National Geographic : 1993 May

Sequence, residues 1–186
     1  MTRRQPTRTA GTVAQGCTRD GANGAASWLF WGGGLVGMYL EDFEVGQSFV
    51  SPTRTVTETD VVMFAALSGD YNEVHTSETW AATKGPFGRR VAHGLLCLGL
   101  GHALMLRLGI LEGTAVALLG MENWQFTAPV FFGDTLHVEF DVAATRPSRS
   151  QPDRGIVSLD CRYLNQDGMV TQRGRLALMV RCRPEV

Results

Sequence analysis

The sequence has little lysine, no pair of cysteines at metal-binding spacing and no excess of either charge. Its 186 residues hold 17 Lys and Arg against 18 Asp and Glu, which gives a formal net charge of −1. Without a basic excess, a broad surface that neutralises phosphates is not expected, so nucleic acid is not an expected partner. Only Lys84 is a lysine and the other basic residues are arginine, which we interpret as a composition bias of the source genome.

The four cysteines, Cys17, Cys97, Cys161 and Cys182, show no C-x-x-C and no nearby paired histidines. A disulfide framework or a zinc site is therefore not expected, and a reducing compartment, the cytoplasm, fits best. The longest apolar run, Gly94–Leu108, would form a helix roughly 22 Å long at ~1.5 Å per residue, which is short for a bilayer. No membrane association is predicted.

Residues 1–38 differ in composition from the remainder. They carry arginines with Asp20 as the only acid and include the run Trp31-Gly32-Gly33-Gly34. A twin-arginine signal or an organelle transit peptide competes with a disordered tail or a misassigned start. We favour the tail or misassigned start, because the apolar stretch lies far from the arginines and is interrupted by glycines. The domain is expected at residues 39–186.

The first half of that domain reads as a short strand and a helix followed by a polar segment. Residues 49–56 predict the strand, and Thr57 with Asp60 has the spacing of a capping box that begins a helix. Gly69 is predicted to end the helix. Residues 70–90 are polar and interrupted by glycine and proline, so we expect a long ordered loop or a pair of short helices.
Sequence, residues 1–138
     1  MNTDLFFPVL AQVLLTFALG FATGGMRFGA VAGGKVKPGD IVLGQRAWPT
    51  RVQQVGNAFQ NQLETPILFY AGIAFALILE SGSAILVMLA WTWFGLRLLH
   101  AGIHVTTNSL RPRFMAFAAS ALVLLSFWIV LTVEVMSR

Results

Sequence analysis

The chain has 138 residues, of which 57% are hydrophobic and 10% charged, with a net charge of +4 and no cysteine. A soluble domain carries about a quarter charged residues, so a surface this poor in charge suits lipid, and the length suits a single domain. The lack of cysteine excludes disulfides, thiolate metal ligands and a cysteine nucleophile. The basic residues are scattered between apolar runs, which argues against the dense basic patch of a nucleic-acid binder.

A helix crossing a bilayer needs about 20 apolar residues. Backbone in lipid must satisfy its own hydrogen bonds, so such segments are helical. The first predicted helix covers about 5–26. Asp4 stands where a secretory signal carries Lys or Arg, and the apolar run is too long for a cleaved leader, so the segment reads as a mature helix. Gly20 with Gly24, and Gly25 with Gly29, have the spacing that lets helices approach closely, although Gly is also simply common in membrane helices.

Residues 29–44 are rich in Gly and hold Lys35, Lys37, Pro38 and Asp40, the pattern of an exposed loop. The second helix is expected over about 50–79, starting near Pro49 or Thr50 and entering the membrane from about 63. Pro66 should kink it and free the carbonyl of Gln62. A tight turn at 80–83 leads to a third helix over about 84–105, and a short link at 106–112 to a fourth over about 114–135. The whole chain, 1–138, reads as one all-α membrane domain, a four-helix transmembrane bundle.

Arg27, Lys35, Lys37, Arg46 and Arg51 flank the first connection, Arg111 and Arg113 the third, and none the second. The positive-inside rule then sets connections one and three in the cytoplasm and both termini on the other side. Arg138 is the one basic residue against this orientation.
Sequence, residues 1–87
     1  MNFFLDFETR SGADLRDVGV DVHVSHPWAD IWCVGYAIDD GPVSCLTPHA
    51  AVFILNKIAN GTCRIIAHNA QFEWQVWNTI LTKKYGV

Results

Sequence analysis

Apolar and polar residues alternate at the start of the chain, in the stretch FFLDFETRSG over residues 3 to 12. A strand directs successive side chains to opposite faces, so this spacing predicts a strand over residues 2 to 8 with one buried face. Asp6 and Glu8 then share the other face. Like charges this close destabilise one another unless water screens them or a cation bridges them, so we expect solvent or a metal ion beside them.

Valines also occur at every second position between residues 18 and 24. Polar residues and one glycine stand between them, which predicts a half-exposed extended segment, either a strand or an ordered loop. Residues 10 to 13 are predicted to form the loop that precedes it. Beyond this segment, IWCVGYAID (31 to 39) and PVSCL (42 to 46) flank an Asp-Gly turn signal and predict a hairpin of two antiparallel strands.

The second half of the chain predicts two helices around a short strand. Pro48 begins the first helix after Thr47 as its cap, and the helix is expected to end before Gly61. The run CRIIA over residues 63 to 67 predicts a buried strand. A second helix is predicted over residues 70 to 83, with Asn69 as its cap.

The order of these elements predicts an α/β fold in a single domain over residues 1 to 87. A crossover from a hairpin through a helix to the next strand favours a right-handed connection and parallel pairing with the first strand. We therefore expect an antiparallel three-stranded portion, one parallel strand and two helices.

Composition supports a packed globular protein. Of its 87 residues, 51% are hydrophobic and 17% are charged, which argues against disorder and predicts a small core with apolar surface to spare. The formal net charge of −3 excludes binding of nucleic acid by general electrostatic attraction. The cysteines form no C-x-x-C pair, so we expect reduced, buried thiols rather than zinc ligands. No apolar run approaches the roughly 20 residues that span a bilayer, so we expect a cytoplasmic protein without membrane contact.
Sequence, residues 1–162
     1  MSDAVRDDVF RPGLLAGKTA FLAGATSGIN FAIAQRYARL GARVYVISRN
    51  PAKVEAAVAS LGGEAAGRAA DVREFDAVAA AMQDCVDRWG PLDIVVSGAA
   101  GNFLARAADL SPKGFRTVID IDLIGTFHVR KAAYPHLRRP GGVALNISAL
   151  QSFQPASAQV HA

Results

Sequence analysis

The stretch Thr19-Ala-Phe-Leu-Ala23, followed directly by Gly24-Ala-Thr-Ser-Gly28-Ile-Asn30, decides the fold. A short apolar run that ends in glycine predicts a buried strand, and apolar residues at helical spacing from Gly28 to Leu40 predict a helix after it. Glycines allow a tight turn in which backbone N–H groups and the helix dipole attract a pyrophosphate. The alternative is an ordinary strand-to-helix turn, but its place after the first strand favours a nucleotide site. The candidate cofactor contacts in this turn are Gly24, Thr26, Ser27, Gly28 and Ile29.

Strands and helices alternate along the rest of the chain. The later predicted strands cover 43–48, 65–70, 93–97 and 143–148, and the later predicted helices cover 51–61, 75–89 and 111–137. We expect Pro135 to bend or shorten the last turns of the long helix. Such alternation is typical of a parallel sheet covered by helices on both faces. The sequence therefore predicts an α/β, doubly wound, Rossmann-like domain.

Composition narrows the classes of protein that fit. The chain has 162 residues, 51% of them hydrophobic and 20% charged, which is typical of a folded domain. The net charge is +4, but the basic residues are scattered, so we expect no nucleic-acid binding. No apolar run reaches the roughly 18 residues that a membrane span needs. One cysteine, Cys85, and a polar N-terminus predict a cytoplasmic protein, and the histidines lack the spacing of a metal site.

the Undugu talks. It has threatened to build its own hydropower dam, rattling nerves in Cairo. The brutal civil war in Sudan has sidetracked one key water scheme-the Jonglei Canal that was to drain Sudan's southern swamps and pro vide Egypt and Sudan each with two billion more cubic meters of water a year. Says Abu-Zeid, "Egypt is not a water-rich country any more. Beyond 2000 our water budget is very dark and very serious." The next day I fly to the town of Aswan, in southern Egypt, where the daily furnace stokes up by 7:30, and the color bakes out of sunsets. From the Aswan High Dam, Lake Nasser spreads south as if floating on the heat. A hundred twenty million tons of silt settle yearly behind the dam, silt that once replenished the banks and built the Nile Delta. To compensate, farmers have had to increase their use of fertilizer, which contributes to water pollution. But the High Dam has kept its short-term promise. In the years of drought before the previous winter's ample rains, Lake Nasser kept Egyptian agriculture stable and the economy from collapse. Aswan is the southern terminal for 200 river tour boats. I take a three-day trip down the Nile, visiting monuments, breathing the fresh stale ness of life unchanged for millennia. Islands thick with grain and fruit trees quiver with reedy growth, and fellahin till the soil among date palms. The river pulses north, generous to those who trust it. Soil breathes, life appears, man struggles. Time flickers past. The new Egypt that wants to grow into the des ert must tear itself away from this nostalgia. History complicates its mission. The British, who occupied Egypt from 1882 to 1922, discouraged most Egyptians from the desert. At the Water Research Center in the delta town of El Qanatir, I speak to Bahay Issawi, former director of the Egyptian Geologic Survey. "The British tried to separate valley dwellers and Bed ouin, to keep barriers between us," he says. "The desert is full of genies and dangerous things, they said. We Egyptians inherited the idea, without knowing why. In 1965 I still needed a permit to go into Bedouin territory. That policy held Egypt back for a long time from Sinai." Now, in a "new lands" program, Egypt offers young people livestock, money, and virtually free water to farm the desert. Thousands have accept ed. The aquifers that could sustain agriculture in the Western Desert and in Sinai have been identi fied and drilling programs begun. In addition, the 103-mile El Salam, or Peace, Canal will soon channel Nile water under the Suez Canal and along the Mediterranean coast to the North Sinai Project near El Arish. This could add 400,000 acres to cultivation. The land is cheap, but too many of the pioneers in the new lands have been wealthy investors, not the young farmers the government wants to encourage. And those who grow staples in the Egyptian desert find that five acres of irrigated desert will grow only as much as half an acre of river bottomland.